It helps you snag your dream job
Being multilingual is a great resume builder. Regardless of the field you are in, chances are that some facet of the company or organization is international. Being the person in the office that can translate a press release from Italian or properly greet your Japanese clients is not something to be sneezed at. It's an asset that can set you apart from other applicants and translates into a direct workplace skill.

You'll travel like a native.
Studying abroad is an awesome opportunity. Wherever you decide to go, the experiences are invaluable and unforgettable. Plus, knowing the language of the country you are visiting only enhances the trip. Understanding the menu or being able to ask for directions will serve you and your travel companions well. The ability to ask locals about the best places can reveal destinations that no guidebook would be able to provide. Another bonus is that you will return from abroad significantly better at the language.

It'll grow your brain.
Knowing another language has been proven great for your brain in a lot of respects. Improved decision-making skills, easier multi-tasking, stronger memory, and better test scores are all skills associated with polyglots. Delayed onset of dementia and Alzheimer's are also linked to knowing another language, serving you well past your college years.

You get the most out of your tuition.
We've all been there. You take a class, do the reading, pass the tests and yet at the end of the course, you walk away wondering what you actually learned. Language classes are quite the opposite. Even at an elementary level, you will leave the class knowing more than when you walked in and be able to demonstrate it. Even if it's just being able to ask como esta? or read a simple sign, you gain a lifelong skill that has the potential to serve you better than Anthro 101.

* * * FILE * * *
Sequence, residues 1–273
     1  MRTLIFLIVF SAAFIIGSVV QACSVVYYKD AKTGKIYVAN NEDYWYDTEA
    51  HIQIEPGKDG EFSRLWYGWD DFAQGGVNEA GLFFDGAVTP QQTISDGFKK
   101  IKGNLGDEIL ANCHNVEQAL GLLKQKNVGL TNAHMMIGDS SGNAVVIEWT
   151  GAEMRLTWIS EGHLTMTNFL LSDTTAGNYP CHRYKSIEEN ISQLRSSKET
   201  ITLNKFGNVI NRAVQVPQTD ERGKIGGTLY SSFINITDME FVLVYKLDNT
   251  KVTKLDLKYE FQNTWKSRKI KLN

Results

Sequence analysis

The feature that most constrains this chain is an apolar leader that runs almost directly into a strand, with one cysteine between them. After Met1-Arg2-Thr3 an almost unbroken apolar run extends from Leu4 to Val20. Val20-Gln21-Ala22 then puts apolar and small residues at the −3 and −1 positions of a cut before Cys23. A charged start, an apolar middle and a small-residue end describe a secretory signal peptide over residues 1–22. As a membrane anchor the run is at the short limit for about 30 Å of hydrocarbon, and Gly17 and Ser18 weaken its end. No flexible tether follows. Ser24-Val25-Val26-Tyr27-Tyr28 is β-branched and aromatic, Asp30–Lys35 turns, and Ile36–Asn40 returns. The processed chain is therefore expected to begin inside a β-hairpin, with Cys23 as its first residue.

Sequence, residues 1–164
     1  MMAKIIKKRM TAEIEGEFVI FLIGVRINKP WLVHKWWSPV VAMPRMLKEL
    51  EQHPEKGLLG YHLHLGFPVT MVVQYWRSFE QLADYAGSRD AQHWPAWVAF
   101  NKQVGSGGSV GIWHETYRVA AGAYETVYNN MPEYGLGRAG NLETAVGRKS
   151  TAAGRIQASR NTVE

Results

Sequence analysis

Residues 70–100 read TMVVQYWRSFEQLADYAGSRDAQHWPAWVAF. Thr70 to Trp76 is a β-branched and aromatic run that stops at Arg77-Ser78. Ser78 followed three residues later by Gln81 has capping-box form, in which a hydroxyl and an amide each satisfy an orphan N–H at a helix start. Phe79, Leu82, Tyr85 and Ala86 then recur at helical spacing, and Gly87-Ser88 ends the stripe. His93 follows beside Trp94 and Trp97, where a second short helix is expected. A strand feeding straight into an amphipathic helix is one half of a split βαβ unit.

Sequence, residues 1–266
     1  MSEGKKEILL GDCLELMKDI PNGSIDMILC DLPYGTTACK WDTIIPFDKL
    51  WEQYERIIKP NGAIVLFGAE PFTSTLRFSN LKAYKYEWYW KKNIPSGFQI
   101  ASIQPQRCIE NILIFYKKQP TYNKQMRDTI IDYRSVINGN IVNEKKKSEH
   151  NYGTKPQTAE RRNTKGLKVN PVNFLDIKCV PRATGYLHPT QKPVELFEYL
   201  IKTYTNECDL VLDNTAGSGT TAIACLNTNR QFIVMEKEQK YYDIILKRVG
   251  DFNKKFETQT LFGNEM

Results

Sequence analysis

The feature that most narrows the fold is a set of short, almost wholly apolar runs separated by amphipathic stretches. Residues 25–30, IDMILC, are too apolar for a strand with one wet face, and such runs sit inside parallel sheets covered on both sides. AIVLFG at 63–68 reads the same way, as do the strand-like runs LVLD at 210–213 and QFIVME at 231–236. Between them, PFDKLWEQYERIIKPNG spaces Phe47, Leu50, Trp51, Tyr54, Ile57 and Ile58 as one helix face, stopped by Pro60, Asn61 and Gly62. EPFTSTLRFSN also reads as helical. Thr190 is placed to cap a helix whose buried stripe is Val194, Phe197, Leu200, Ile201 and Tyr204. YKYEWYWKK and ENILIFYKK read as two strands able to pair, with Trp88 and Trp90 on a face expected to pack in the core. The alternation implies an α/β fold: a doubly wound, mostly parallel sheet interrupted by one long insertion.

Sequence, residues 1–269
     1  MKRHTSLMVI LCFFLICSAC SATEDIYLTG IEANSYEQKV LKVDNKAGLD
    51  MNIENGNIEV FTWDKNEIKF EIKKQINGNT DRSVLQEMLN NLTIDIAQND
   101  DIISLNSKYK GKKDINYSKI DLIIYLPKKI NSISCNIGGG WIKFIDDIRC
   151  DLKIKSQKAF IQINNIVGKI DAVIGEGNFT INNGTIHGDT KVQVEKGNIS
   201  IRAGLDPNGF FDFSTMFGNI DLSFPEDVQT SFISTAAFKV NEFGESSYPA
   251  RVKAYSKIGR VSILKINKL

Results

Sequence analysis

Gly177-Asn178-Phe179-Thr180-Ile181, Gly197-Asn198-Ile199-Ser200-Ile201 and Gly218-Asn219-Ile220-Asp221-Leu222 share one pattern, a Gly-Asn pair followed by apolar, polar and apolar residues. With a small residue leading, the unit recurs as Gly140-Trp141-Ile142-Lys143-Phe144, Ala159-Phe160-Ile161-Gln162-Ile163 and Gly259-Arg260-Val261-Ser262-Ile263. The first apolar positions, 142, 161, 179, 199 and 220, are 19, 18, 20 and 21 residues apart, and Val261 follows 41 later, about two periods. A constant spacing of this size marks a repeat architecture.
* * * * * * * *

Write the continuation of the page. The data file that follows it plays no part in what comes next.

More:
It's hot.
Being an American student and accidentally responding to a Hindi conversation really freaks people out. It's awesome. Knowing a more obscure language is the most practical party trick there is. From eavesdropping on conversations on the subway to dazzling your date with your linguistic ability, knowing another language is an impressive skill and a great confidence booster that can be used for both good-and mischief.

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Classes |  Source: mit.edu

Is Double Majoring for You?

Microsoft Word is not a skill.

I came into college telling people I was triple majoring and double minoring on the pre-law track.

About the second week of school when I regained my sanity and came to terms with the reality that I wanted to survive the next four years, I decided on a finance and business analytics double major, and just one minor.

But regardless, a dual major is not for the faint of heart. It takes time, planning, and at least a vague grasp on what you want to do with your future. With that being said, here are some things you should evaluate when considering a double major.

Make sure your school allows it
First things first, you have to make sure you and the administration are on the same page. For example, within the business program at my school you are only allowed to double major inside the b-school. Other schools you can double in underwater basket weaving and the art of not giving a damn for all they care, as long as you pay your tuition on time.